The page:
Tuesday, July 18, 2006

The trouble with book reviewing

Ruth Franklin has an interesting piece on book reviewing at the New Republic. It's smart, well-written, thoughtful: and the funny thing is that I completely disagree with her in almost every particular! The second half is an encomium for David Mitchell's Black Swan Green, which I disliked more than almost any other novel I've read in the last year or so. The first half of the piece explores the premise that "[b]ad reviews are motivated by anger, but good reviews are motivated by love; and it is easier to become angry than to fall in love." Though undoubtedly I now & then read a book that makes me angry, I find it much, much easier to fall in love than to become angry!

3 comments:

  1. Franklin understands the one essential point about BSG, namely that 'the language of the novel mimics Jason's own experiments as he tries to find his voice', though I am still sceptical about whether this is always psychologically authentic. However, she would have done well to have read a great deal more YA literature, I suspect, before claiming BSG is 'the funniest novel of adolescence since Catcher in the Rye, or the most painful portrait of boyish aggression since Lord of the Flies, or the most inventive depiction of teenage language since A Clockwork Orange, or the most nuanced account of the loss of innocence since Le Grand Meaulnes.' Nor is Mitchell's use of these classics particularly insightful or even original, as Franklin seems to suggest.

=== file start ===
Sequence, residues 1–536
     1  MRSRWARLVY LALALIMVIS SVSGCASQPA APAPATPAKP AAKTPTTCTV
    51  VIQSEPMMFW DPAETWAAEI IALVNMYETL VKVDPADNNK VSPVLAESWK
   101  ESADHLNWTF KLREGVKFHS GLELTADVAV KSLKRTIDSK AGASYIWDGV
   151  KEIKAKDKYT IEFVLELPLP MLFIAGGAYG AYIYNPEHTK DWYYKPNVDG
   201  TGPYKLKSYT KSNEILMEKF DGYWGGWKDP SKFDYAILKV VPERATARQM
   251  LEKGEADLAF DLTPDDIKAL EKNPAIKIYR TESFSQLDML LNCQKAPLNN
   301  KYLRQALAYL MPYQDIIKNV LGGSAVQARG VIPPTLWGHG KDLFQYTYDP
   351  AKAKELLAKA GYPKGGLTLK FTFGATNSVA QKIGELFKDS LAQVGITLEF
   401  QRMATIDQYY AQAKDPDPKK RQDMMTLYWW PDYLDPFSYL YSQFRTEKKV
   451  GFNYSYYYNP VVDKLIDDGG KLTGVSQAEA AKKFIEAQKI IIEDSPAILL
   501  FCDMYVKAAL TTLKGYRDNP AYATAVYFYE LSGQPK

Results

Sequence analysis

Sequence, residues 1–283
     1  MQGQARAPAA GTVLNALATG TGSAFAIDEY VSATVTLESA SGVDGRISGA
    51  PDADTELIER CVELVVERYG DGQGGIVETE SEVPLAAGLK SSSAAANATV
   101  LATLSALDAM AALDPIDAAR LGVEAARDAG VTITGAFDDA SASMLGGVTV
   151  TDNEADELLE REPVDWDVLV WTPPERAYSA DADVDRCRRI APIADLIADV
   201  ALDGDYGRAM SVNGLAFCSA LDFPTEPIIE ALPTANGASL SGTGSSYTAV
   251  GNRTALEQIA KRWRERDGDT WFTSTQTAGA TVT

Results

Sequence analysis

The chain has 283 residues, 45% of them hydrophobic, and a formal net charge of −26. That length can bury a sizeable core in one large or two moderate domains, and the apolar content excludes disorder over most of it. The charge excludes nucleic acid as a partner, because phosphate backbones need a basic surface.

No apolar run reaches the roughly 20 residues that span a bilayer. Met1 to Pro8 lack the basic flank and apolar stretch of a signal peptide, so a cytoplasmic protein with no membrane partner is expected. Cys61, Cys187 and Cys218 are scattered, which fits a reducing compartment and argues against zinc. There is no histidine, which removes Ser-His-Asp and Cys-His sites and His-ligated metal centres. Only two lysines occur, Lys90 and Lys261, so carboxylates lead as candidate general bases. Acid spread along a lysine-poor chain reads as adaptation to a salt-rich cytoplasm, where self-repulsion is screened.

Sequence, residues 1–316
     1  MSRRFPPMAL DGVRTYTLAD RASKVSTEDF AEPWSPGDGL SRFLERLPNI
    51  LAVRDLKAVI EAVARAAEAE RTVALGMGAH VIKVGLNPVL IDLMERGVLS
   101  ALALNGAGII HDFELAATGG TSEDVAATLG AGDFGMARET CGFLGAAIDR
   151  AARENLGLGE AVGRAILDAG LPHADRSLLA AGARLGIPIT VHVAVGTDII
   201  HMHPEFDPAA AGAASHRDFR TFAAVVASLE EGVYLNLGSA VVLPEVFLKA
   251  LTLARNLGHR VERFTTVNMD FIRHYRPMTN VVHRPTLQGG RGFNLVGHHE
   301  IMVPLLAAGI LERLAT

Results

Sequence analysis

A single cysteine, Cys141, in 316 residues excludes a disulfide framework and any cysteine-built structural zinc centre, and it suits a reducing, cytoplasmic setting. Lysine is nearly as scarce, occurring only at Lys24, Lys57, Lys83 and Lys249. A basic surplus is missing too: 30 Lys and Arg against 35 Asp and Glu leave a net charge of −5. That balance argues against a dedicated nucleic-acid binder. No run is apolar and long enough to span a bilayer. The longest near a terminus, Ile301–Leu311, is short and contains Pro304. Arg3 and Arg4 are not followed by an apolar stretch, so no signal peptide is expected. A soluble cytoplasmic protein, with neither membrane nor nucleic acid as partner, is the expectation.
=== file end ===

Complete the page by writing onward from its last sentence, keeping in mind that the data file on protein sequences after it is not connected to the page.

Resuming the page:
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  2. "The second half is an encomium for David Mitchell's Black Swan Green, which I disliked more than almost any other novel I've read in the last year or so."

    Really? More than any other novel? I can see disliking it, although not to this extent - could you elaborate?

    -GH

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  3. Well, when I was writing that post I got tangled up in a parenthetical aside that I ended up deleting, along the lines of "in the way that you can only hate a rich and complex major work of art as opposed to something you just don't care about," only then I felt I was giving the book too much credit! This and that "Book Thief" novel were the two that provoked in me this sense of great talents misdirected, which does make me a bit angry (but "Book Thief" made me angrier, BSG more like just annoyed).

    Normally when I start reading a novel I'm not liking I just put it aside! If you think about it, you'll see that I pretty much only read and write here about things I like, with very few exceptions. So liking minor books and writers may also be distinguished from hating major ones (I sort of hate the writing of Don DeLillo for instance, though I take the strong feelings his books provoke in me to be related to the great admiration he draws from others)....

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